Stephanie Everett (21:46): 

Yeah, I love that too. And before Robin, you were mentioning that you were worried at the beginning. How do you integrate this remote person into the team and into the culture? Knowing this is so important to you, and it is a small business and everybody feels close to one another. I’m just curious how that has gone with Claudia, and do you have any tips or advice to people who might be listening of how to go about that process? 

  

Robin Christo (22:12): 

Yeah, absolutely. I’ve kind of done it organically and slowly. So at first, it was really just Claudia was dealing directly with me getting my inbox under control and all of that. And then slowly I started having her give some support to our firm administrator. And then now she’s in touch with pretty much everybody in the firm not providing direct support. But for example, there’ll be a bar event or reminder like, Hey, we just changed our phone numbers. Everybody needs to update them. So she’s emailing everybody, reminding them to update their phone numbers with the state bar or inviting them to the elder abuse symposium that’s coming up, or a lifetime achievement thing that’s being put on by the state bar or the local bar. And I don’t know in the future if Claudia will start providing executive assistant support to more than just me, but definitely everybody in the firm knows that she’s there and can reach out to her if they have a question or if they need support with something administrative. And our legal assistant that’s here in office isn’t available to help.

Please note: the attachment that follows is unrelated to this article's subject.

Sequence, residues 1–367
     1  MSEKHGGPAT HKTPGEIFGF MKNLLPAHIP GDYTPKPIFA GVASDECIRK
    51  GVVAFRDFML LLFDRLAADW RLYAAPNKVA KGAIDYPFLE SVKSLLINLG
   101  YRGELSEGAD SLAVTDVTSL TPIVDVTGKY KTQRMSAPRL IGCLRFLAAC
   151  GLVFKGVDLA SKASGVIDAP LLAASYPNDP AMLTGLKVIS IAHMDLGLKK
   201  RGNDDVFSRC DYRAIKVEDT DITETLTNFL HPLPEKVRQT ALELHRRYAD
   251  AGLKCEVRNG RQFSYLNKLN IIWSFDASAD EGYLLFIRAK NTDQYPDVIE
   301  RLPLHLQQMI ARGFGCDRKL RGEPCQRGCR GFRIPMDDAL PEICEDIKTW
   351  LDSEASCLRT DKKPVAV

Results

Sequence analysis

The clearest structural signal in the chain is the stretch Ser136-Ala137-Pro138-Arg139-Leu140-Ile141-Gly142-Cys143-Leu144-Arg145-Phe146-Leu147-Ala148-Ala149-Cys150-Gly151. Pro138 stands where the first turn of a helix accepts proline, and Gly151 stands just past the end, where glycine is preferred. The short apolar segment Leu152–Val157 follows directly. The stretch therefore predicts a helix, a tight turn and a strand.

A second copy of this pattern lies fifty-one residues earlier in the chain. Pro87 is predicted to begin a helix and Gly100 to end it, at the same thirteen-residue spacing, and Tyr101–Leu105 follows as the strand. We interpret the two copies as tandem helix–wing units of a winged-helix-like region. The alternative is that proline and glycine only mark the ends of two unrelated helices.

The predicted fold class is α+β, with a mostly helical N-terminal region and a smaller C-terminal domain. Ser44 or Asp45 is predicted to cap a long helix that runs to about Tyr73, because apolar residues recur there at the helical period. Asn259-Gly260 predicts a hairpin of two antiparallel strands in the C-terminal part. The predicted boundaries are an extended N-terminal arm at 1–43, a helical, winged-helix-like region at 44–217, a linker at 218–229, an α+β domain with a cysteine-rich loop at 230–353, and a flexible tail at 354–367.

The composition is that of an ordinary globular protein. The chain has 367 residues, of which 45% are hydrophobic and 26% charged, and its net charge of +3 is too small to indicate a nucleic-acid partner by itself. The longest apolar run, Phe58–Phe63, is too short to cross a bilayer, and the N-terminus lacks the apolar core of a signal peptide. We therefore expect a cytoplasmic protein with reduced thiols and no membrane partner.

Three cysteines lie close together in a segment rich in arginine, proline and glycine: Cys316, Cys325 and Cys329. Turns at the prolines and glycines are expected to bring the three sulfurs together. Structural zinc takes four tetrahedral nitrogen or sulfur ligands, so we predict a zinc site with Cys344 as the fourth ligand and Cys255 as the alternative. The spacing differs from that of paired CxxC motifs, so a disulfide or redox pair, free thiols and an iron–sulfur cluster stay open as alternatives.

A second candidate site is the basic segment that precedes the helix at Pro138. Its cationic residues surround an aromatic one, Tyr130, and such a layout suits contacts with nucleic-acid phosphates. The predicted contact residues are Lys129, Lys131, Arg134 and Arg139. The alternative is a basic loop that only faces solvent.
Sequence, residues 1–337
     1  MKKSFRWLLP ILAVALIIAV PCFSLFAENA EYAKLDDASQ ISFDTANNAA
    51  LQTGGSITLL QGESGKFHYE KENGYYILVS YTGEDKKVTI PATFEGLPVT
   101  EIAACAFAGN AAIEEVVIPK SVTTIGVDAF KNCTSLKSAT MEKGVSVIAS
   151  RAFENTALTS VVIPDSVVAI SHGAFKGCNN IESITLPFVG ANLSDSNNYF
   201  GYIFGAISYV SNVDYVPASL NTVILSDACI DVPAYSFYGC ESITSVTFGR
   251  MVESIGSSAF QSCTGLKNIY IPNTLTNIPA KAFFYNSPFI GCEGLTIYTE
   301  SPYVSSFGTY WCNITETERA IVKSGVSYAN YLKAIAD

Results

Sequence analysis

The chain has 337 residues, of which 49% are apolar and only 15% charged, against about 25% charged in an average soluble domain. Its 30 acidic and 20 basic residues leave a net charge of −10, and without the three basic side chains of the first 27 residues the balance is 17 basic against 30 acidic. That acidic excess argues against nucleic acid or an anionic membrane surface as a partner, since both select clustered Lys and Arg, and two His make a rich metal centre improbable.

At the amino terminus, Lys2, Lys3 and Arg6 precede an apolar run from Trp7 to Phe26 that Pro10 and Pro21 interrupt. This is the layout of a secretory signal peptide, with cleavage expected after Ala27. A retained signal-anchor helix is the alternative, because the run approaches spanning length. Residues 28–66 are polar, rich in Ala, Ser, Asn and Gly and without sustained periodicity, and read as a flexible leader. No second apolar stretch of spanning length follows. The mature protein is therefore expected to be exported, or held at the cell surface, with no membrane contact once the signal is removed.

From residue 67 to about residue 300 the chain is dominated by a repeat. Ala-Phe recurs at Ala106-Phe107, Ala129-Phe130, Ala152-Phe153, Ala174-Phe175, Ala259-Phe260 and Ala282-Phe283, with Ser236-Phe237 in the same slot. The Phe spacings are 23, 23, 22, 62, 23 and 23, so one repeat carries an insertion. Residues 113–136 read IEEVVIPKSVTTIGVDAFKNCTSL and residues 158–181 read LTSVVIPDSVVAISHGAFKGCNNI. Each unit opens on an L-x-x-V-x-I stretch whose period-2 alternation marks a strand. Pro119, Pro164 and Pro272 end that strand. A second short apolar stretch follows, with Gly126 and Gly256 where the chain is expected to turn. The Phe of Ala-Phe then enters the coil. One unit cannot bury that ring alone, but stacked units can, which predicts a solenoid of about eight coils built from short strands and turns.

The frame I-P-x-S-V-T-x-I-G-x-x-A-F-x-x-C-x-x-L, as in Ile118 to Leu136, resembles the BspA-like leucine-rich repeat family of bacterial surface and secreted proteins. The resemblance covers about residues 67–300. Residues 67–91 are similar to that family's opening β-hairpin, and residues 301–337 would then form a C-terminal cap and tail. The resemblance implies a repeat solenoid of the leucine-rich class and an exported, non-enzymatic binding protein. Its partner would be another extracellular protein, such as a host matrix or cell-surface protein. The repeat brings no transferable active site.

Stephanie Everett (23:24): 

And there’s even little things you can do with us with Alexa, who’s our VA from Stafie. We have a teams chat going, and if we post in team wins, she’s always the first one in there doing an emoji way to go. That’s awesome. She’s kind of become our team cheerleader, if you will, because she’s very bright and cheerful and she always has kind things to say to everyone. And because we’re in a little bit of a different spot, because we are all virtual, so we don’t have a physical office, but we’re able to include her in our virtual team lunches and meetings and things. So there’s lots of ways you can be creative and make sure that your team knows this person and they feel like they know you too. So I wouldn’t let that be a reason that people don’t explore this kind of help if they’re thinking about it. 

  

Robin Christo (24:15): 

Yeah, absolutely. And I think now everybody, well, I don’t want to say everybody, but a lot of people, the people in my circle at least are definitely more accustomed to working virtually. And so it’s not totally weird. Whereas maybe five years ago I would’ve been like, oh, I don’t think so. That’s not going to work out for me. But now, once I got past that initial concern about, oh my God, what is this going to look like? It’s really no different than having somebody here in the office. 

  

Stephanie Everett (24:44): 

Yeah. Awesome. Raquel, any kind of words of wisdom for you, or last thoughts for people who might be hesitant in thinking about this? I’m wondering if it would work for them. 

  

Raquel Gomes (24:53): 

Well, that we are you along the way throughout the entire journey, we not only make sure that the candidate is highly qualified, we have a very strict vet and screening process that they have to go through, the ones that make it through the final cut they go through in-house training, but also once we assign a virtual assistant to you, we are with you and holding you throughout the entire process, and I love to hear the value that you perceive from this relationship. Robin is really music to my ears because it just confirms to me that what I’ve put in place, it’s very valuable for the small law firm owner, and we love working with you and helping you grow and scale your farm, but doing it from a place of balance, not having to sacrifice your life in the name of success. Exactly.